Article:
“These results reinforce the proposal of fibromyalgia as a neuropathic pain syndrome. Our results also show that fibromyalgia patients have multiple autonomic dysfunction symptoms.” Authors
The destruction of small nerve fibers in the skin of fibromyalgia patients (small fiber neuropathy – SFN) is one the most intriguing developments to show up in fibromyalgia in years. Not only does it indicate in striking fashion that fibromyalgia is a real, physical disease but it provides opportunities to rethink it and thus possibly open up new options for treatment. Studies suggest that 40-50% of fibromyalgia patients have SFN.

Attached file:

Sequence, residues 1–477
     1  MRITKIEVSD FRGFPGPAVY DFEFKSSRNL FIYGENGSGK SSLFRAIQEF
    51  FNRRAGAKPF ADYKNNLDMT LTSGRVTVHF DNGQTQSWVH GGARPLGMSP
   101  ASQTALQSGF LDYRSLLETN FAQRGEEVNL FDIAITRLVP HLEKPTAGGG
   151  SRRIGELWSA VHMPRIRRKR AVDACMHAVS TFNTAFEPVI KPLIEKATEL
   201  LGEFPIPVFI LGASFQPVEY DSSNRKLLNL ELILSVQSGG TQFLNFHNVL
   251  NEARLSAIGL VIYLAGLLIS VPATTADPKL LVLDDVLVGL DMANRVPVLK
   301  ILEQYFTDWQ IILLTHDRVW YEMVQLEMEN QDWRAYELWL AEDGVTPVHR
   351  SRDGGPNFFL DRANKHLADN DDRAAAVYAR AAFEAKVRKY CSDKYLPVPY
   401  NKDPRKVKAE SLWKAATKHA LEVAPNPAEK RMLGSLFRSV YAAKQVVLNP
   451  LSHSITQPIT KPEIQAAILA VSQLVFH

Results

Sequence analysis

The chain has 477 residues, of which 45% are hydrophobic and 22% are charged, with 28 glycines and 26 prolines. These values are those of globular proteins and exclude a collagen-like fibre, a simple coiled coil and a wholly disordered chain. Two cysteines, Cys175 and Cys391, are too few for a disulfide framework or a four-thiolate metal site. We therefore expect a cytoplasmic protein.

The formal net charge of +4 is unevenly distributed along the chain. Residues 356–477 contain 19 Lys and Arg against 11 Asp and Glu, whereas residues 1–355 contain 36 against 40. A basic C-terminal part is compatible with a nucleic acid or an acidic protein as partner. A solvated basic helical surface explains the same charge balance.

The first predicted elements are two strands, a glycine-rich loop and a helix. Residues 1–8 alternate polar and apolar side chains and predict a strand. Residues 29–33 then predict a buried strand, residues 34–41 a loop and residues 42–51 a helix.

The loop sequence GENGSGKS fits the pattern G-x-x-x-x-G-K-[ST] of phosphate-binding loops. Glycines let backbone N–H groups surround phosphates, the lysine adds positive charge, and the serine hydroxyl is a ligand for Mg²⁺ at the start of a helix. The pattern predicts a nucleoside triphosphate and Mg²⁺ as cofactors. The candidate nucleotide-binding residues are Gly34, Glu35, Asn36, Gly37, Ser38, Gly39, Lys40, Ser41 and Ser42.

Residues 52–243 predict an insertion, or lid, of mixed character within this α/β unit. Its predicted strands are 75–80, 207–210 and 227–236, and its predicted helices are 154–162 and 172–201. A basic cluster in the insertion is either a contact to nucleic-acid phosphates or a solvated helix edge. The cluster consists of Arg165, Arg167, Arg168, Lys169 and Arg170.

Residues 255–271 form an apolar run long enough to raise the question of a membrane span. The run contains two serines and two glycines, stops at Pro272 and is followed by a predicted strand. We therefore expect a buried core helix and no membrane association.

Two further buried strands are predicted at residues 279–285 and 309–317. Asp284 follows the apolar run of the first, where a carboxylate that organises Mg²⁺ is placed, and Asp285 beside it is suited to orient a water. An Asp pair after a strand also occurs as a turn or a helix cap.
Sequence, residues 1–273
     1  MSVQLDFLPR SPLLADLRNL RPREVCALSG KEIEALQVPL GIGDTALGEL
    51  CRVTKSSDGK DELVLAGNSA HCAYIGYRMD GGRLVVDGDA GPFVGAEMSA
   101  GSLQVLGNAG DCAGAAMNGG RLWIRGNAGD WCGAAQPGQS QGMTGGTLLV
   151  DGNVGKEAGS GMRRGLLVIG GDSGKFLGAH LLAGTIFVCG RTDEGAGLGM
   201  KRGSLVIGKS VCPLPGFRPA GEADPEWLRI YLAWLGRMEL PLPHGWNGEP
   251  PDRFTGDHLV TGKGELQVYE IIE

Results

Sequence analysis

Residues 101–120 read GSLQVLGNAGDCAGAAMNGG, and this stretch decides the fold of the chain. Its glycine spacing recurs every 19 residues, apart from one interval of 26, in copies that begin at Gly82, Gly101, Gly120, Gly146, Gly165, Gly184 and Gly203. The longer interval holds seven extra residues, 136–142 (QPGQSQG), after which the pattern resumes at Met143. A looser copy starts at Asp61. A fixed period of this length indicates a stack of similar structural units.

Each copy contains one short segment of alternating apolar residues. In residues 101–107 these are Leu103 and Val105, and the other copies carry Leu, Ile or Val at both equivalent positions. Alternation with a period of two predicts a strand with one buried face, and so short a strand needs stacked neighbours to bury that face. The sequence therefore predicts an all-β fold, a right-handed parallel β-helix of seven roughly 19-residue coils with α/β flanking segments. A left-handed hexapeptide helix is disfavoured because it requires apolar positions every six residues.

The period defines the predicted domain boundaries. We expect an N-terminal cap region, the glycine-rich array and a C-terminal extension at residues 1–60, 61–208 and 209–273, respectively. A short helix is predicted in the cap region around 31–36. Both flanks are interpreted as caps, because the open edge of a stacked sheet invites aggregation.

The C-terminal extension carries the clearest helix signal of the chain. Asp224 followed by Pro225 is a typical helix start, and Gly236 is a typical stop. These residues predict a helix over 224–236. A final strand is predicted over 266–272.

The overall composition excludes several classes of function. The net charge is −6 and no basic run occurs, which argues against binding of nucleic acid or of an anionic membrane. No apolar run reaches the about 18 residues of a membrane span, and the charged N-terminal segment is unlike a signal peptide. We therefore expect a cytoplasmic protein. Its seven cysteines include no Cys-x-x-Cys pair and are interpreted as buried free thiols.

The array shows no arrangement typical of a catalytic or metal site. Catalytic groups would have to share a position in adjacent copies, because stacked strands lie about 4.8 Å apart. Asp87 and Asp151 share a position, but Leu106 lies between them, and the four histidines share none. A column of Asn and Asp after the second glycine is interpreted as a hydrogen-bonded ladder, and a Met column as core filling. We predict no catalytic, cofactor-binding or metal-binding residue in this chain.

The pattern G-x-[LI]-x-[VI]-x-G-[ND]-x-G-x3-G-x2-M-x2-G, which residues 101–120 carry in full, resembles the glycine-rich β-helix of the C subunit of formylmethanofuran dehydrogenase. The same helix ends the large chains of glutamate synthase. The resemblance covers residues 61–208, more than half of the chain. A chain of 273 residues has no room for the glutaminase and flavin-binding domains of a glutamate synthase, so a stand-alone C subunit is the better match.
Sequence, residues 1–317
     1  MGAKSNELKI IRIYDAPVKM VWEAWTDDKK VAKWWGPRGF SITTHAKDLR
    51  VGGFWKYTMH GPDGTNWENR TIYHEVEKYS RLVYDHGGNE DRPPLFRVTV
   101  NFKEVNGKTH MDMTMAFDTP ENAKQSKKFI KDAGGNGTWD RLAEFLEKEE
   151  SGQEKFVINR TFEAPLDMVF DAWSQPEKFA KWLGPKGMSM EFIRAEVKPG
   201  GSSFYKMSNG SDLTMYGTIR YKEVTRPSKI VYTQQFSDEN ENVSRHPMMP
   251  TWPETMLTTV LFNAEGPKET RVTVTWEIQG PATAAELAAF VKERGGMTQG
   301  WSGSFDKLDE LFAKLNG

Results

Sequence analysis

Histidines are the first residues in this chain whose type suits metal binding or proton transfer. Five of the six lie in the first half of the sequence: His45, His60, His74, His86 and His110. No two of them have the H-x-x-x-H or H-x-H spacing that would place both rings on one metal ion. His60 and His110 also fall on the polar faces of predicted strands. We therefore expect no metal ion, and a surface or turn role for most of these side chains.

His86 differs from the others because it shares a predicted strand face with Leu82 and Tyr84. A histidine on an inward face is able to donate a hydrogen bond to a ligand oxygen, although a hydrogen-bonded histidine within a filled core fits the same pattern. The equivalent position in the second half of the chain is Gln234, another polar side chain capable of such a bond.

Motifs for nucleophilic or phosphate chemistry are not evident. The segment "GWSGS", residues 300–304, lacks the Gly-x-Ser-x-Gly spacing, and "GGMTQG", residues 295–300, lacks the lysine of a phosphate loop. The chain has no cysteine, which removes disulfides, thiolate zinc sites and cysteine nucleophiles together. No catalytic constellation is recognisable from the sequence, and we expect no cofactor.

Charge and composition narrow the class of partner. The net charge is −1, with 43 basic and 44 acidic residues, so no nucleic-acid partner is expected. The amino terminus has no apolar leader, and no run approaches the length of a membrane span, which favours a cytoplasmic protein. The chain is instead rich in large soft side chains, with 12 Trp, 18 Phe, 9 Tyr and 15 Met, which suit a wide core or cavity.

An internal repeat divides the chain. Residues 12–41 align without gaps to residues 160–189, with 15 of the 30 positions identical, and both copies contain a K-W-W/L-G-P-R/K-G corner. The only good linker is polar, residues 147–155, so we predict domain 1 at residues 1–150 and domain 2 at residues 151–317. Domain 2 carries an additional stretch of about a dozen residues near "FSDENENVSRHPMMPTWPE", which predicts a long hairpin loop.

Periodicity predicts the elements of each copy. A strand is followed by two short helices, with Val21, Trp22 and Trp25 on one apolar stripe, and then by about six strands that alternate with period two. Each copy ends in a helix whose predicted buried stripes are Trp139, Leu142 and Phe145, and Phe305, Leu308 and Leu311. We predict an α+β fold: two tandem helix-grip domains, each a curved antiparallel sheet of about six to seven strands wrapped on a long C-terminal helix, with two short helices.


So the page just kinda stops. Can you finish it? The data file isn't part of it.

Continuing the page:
Small fiber neuropathy in women with fibromyalgia: an in vivo assessment using corneal
confocal bio-microscopy. Manuel Ramírez MD, Laura-Aline Martínez-Martínez, Everardo Hernández-Quintela MD, Jorge Velazco-Casapía MD, Angélica Vargas MD, Manuel Martínez-Lavín MD. Seminars in Arthritis and Rheumatism, http://dx.doi.org/10.1016/j. semarthrit.2015.03.003
Now FM researcher and physician Dr. Martinez-Lavin takes the exploration of the SFN to a new realm – the cornea of the eye. Why the cornea? It turns out that the cornea – that liquid, transparent film covering the front part of the eye – is one of the most sensitive tissues of the body. Innervated with sensory nerve fibers running from the trigeminal nerve, the cornea is loaded with pain receptors: the slightest touch or disturbance is immediately felt. In fact, the cornea has 300-600 times more pain receptors than the skin and 20-40 more pain receptors than the oh so sensitive dental pulp. It has the densest array of small nerve fibers in the entire body.